1.) Access to the members of a class from outside is only done by properties. Some tools do not work well with and I think it is very bad style to have sometimes properties and sometimes direct access to members, even if the syntax is the same in VB.NET.

    2.) All members have a leading underscore in the Name. The properties do not have one.

    3.) All Properties, Private Members and Parameters start with an upper case letter. I know this is a violation of the official coding guidelines, because Parameters should start with lower case letters, but I think it is better readable and as long as I do not develop libraries for external use I think it should not matter.

    4.) From inside the class the backing fields are accessed directly. The only exception are properties for external use that contain some kind of additionl code that is useful in this case (for example checking for valid values in a Setter).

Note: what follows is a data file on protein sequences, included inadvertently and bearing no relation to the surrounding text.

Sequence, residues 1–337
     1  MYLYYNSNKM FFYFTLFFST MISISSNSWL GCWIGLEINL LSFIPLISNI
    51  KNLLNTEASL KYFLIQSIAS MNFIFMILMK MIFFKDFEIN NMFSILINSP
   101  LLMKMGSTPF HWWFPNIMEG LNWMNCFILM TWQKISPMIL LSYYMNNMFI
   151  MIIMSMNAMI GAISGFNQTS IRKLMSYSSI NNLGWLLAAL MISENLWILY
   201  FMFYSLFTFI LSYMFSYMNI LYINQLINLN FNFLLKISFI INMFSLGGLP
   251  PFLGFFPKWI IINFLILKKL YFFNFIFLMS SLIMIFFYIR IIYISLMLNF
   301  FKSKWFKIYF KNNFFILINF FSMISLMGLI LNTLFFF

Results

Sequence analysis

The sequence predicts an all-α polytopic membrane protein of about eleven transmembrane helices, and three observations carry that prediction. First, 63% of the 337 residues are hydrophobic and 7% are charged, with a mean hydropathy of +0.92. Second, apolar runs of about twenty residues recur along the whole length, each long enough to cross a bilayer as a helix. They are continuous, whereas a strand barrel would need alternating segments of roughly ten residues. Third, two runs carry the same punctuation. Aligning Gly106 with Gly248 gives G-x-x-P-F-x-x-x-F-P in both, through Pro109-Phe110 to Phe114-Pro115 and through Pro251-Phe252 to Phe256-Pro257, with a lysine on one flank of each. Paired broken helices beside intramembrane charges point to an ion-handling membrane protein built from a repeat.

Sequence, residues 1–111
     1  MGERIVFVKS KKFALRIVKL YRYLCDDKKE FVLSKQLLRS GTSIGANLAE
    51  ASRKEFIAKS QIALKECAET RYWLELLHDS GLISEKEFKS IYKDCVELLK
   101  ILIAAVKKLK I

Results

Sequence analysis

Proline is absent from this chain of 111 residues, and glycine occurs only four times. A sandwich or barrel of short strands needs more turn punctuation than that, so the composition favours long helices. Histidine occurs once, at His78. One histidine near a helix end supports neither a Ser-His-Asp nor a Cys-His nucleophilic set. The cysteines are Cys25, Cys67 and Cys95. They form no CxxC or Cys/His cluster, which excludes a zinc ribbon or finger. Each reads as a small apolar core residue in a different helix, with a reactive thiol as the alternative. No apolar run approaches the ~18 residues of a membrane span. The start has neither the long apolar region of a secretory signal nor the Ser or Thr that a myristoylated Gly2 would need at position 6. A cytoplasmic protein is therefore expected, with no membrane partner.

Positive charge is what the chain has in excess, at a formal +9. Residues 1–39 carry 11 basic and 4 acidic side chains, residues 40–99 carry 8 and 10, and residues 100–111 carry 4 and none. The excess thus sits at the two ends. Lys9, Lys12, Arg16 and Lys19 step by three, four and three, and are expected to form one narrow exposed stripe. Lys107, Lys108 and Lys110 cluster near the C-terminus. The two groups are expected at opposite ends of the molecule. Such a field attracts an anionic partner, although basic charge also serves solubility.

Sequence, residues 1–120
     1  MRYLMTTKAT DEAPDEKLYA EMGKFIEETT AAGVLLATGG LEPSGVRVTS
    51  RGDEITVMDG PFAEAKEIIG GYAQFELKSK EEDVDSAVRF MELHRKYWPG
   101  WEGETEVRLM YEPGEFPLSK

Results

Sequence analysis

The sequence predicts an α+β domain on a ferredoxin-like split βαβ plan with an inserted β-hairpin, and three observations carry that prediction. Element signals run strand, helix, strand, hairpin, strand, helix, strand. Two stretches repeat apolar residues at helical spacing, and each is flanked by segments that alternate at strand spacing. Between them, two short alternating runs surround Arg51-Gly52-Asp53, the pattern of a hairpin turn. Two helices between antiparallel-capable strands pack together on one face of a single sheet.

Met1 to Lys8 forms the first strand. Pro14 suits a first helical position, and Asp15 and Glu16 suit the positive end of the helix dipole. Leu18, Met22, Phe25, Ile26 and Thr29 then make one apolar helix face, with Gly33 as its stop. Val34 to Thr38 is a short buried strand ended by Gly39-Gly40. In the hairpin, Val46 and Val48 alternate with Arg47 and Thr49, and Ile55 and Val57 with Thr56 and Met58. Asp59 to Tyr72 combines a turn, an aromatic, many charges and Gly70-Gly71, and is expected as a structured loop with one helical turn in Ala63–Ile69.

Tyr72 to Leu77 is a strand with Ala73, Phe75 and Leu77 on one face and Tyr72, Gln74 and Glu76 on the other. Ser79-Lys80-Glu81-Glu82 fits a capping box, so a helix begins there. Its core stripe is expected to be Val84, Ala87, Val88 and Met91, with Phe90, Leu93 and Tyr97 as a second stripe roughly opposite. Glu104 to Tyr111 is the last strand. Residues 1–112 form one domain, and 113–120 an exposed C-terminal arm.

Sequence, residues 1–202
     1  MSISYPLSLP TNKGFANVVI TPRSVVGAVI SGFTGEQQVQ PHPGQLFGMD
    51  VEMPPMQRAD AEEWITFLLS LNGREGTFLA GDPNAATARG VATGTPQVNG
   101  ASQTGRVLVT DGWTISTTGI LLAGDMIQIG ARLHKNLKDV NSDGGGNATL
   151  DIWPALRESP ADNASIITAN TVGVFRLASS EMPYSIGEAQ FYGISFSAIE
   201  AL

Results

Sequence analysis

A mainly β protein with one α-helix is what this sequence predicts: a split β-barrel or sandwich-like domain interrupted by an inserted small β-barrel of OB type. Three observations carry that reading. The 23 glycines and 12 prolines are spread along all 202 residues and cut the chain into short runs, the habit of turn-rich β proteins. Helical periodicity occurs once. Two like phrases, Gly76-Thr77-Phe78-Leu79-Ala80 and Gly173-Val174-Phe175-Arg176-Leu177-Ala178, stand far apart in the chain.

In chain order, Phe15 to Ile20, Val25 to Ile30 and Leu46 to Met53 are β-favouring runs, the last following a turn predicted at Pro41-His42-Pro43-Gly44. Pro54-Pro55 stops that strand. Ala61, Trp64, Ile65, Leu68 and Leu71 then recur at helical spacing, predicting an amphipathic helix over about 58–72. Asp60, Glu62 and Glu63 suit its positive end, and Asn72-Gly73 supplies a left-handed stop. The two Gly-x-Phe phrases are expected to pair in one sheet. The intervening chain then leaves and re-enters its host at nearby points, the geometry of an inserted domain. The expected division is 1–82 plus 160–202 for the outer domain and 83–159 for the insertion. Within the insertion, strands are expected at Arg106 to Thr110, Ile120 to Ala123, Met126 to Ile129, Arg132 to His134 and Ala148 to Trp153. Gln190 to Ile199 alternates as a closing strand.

5.) Every member, Property or Function of the same class is always accessed by using the Me statement. I found out that this drastically decreases typing errors, if you forget the trailing underscore in the constructor. It is also better readable because you see what is a member and what is a local variable.

    This coding guidelines have developed over time, but they work very well for me. The only disadvantage is the need for typing each property. I am currently doing this with snippet  that contains with the shortcut "spro" (pro for property and s for avoiding the use of intellisense instead of my shortcut when I press tab). Then I only have to provide the name of the property and the type. Then I pack all Properties in their own Region to hide them.

    Unfortunately the use of the current auto implemented properties requires me to make some changes: